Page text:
Hazardous materials present a risk at almost all the stops along your supply chain. Items that are explosive, flammable, corrosive, poisonous, radioactive and more can present challenges during ground delivery, warehousing, ocean transport—even at the final destination, where mislabeled hazardous materials can harm the receiver.
In the worst case scenario, undeclared hazardous materials could lead to a shipping line placing unknowingly reactive substances near each other for an ocean voyage, which could cause an explosion at sea.
In order to ensure safe handling and delivery of hazardous materials via ocean freight, there are five things you need to be aware of.
Mislabeled or undeclared hazardous materials can also net you huge civil penalties. However, understanding these five principles will help you stay compliant and steer clear of these penalties when shipping hazardous materials via ocean freight.
Let’s start with the fundamentals: Recognizing hazardous materials in your shipments.
Tip #1: What’s Considered “Hazardous” Might Surprise You
The Pipeline and Hazardous Materials Safety Administration (PHMSA), an agency of the Department of Transportation, regulates the transport of hazardous materials within the United States. PHMSA classifies hazardous materials into nine categories for domestic transportation (more on international shipments in a moment!):
- Class 1 – Explosives
- Class 2 – Flammable gas, non-flammable gas, poison gas
- Class 3 – Flammable and combustible liquids
- Class 4 – Flammable solids, spontaneously combustible, dangerous when wet
- Class 5 – Oxidizers, organic peroxides
- Class 6 – Poisonous materials, infectious substances
- Class 7 – Radioactive materials
- Class 8 – Corrosive materials
- Class 9 – Miscellaneous hazardous materials (includes things like lithium batteries)
Many items that are considered hazardous are obvious. Explosives like fireworks or corrosive chemicals that could eat through the deck of a ship if spilled are easy to spot.
However, did you know that the following materials may be considered hazardous?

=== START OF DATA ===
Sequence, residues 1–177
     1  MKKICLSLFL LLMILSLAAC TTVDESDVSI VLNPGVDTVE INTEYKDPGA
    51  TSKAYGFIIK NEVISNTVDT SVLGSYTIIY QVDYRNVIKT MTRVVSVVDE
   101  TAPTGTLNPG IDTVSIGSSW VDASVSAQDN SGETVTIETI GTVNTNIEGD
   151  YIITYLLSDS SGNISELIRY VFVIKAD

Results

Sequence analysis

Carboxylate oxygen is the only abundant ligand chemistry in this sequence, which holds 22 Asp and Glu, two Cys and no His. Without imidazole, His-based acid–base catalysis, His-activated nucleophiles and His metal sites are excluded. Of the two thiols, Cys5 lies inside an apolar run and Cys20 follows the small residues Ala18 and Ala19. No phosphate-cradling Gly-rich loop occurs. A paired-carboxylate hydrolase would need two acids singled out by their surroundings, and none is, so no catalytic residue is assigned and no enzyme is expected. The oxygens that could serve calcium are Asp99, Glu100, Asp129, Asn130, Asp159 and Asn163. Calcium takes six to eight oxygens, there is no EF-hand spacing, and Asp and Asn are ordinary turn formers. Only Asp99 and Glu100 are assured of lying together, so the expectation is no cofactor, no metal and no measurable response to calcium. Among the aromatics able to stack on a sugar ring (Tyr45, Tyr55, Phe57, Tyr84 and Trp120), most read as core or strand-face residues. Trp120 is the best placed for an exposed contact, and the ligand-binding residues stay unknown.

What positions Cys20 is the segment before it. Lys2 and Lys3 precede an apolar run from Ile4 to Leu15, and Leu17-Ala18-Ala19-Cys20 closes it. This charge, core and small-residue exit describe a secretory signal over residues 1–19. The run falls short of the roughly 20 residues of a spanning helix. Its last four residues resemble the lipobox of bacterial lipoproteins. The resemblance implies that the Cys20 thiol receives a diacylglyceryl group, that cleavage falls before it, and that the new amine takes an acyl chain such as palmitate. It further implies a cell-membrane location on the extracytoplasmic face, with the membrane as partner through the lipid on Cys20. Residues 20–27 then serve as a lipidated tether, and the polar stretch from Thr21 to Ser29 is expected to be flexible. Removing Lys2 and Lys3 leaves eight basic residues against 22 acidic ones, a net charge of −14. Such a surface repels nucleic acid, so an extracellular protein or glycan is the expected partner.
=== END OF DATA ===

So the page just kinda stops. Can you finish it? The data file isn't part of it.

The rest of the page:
- Exit signs – Some of these signs contain trace amounts of radioactive materials, which classifies them as Class 7 hazardous materials.
- Paint – Because it can be both flammable and corrosive, many types of paints are considered Class 3 and 8 hazardous materials.
- Nail polish – Nail polish can be highly flammable, making it a Class 3 hazardous material.
- Perfumes – The same is true of perfume, which is also flammable.
- Aerosol sprays – All aerosol sprays fall into Class 2 (Gases), and may also be considered corrosive (Class 8) or poisonous, such as in the case of insect spray (Class 6).
If you have any questions on whether or not your shipment would be considered hazardous, your best bet is to review the hazardous materials table found in Title 49 of the Code of Federal Regulations and talk to your freight forwarder for specific advice.
And while we’re on that topic . . .
Tip #2: Give Your Freight Forwarder as Much Information as Possible
When you call your forwarder about a potential hazardous materials shipment, the first thing they’ll want to know is if you have a safety data sheet (SDS) on the product you’d like to ship.
Note: An SDS may also be labeled as a material safety data sheet (MSDS) or a product safety data sheet (PSDS).
If you have an SDS on the materials in your shipment, that will give your forwarder all the information they need to help you prepare your shipment, including things like:
- The properties of each chemical in the product.
- The physical, health and environmental health hazards.
- The protective measures that need to be taken.
- Safety precautions for handling, storing and transporting the chemical.
With this information in hand, your forwarder will be able to give you quick answers on how you can ship this particular material, how to package it, how to label it properly and how much shipping will cost.
If you don’t have an SDS, your forwarder will likely ask for:
- The UN number – A four-digit number assigned by the United Nations to identify hazardous materials.
- The proper shipping name – The standard technical name to describe the item’s hazardous properties and the composition of dangerous goods.
From there, your forwarder can help you with the research you need, although it may take a little longer without the SDS.